No specific regulations existed for this new type of product at the time they were marketed. The regulatory agencies therefore adopted them as a matter of urgency. Now that the pandemic emergency has passed, it is time to consider the safety issues associated with this rapid approval.
Gene Therapy Products
The author exposes how the mode of action of COVID-19 mRNA vaccines should classify them as gene therapy products (GTPs), even if regulatory agencies excluded them from this category. In addition, some of the tests they have undergone as vaccines have produced non-compliant results in terms of purity, quality and batch homogeneity.
From the Banoun study, it becomes obvious that the wide and persistent biodistribution of mRNAs and their protein products in the body, incompletely studied due to their classification as vaccines, raises safety issues. Post-marketing studies have already shown that mRNA passes into breast milk and could have adverse effects on breast-fed babies.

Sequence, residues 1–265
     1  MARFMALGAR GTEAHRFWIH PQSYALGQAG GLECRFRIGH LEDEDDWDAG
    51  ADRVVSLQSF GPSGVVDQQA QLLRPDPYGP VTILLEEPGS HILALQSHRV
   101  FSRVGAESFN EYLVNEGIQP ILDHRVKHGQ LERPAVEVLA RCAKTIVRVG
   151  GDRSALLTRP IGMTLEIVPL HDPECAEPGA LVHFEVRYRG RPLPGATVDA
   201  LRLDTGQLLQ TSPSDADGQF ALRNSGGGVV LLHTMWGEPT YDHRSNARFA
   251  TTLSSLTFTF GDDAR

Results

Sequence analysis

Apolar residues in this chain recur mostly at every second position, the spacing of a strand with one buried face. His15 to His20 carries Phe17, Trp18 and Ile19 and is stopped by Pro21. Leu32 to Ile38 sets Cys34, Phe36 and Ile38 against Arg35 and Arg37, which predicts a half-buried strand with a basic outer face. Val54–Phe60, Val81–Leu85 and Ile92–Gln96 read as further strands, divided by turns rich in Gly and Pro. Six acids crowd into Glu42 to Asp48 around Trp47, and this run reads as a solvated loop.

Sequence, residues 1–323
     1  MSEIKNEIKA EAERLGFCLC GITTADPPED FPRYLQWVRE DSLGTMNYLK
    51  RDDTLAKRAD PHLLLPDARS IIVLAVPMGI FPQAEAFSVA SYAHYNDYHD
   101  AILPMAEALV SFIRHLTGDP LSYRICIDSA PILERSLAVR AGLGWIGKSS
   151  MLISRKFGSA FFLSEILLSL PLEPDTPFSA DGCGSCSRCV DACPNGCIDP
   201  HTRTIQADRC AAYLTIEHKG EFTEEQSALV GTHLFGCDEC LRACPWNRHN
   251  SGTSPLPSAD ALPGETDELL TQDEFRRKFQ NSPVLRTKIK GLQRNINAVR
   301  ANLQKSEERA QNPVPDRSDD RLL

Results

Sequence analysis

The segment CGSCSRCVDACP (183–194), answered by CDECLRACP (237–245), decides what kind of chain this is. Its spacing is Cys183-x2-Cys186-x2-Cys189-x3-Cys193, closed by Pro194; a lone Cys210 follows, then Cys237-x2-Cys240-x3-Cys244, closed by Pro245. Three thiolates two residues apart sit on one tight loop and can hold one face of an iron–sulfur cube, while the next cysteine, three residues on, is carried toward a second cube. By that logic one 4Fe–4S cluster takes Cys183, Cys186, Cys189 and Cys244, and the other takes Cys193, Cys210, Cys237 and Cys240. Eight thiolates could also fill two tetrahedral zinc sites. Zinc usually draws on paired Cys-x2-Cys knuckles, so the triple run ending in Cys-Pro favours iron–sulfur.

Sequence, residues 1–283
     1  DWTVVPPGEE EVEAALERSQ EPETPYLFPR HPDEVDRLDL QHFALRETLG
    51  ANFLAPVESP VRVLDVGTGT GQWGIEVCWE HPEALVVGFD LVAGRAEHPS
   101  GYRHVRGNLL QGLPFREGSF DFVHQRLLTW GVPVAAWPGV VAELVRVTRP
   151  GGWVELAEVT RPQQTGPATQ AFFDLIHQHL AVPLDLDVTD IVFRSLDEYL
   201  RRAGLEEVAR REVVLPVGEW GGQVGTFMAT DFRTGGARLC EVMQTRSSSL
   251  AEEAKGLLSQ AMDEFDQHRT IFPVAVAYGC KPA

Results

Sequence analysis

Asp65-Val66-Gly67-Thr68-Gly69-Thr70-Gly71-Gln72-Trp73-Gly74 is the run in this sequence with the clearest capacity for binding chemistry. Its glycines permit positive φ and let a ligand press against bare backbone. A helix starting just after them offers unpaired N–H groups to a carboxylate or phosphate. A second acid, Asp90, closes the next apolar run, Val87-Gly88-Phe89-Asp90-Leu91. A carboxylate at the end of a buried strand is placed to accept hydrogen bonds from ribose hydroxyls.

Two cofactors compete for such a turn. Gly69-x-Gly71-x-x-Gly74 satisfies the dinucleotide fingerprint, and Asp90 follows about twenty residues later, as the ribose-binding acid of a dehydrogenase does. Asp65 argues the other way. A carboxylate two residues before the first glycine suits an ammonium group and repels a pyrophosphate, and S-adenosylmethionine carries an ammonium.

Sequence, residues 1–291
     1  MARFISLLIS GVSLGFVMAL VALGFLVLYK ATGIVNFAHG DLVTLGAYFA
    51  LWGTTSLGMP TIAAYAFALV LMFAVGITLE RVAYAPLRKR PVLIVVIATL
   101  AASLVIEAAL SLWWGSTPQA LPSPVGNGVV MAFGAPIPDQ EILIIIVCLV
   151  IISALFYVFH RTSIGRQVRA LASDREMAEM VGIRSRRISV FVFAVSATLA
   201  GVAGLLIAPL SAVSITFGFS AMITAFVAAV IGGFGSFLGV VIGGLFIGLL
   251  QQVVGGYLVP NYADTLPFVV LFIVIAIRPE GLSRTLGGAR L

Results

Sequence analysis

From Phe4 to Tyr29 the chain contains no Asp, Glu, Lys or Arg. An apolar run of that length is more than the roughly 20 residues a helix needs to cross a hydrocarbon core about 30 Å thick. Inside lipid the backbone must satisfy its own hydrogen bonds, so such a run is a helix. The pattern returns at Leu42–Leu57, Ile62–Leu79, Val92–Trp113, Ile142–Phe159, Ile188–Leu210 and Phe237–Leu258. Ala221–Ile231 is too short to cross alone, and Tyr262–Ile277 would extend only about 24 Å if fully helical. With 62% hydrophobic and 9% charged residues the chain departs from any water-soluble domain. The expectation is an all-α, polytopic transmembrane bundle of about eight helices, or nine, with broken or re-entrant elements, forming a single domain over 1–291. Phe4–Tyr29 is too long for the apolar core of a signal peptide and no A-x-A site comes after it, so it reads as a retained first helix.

In light of the serious adverse events reported in pharmacovigilance databases, the author emphasizes the need for studies into long-term expression, integration into the genome, transmission to the germline, passage into sperm, embryo/fetal and perinatal toxicity, genotoxicity and tumorigenicity.
The potential horizontal transmission (i.e., shedding) should also have been assessed thoroughly and in-depth vaccinovigilance carried out.
To conclude, a requirement for these controls would be expected for future mRNA vaccines.
It is now up to the regulatory agencies to keep up with the science and to adapt regulations around mRNA vaccines, which, as shown in the article, are nothing like traditional vaccines.Suggest a correction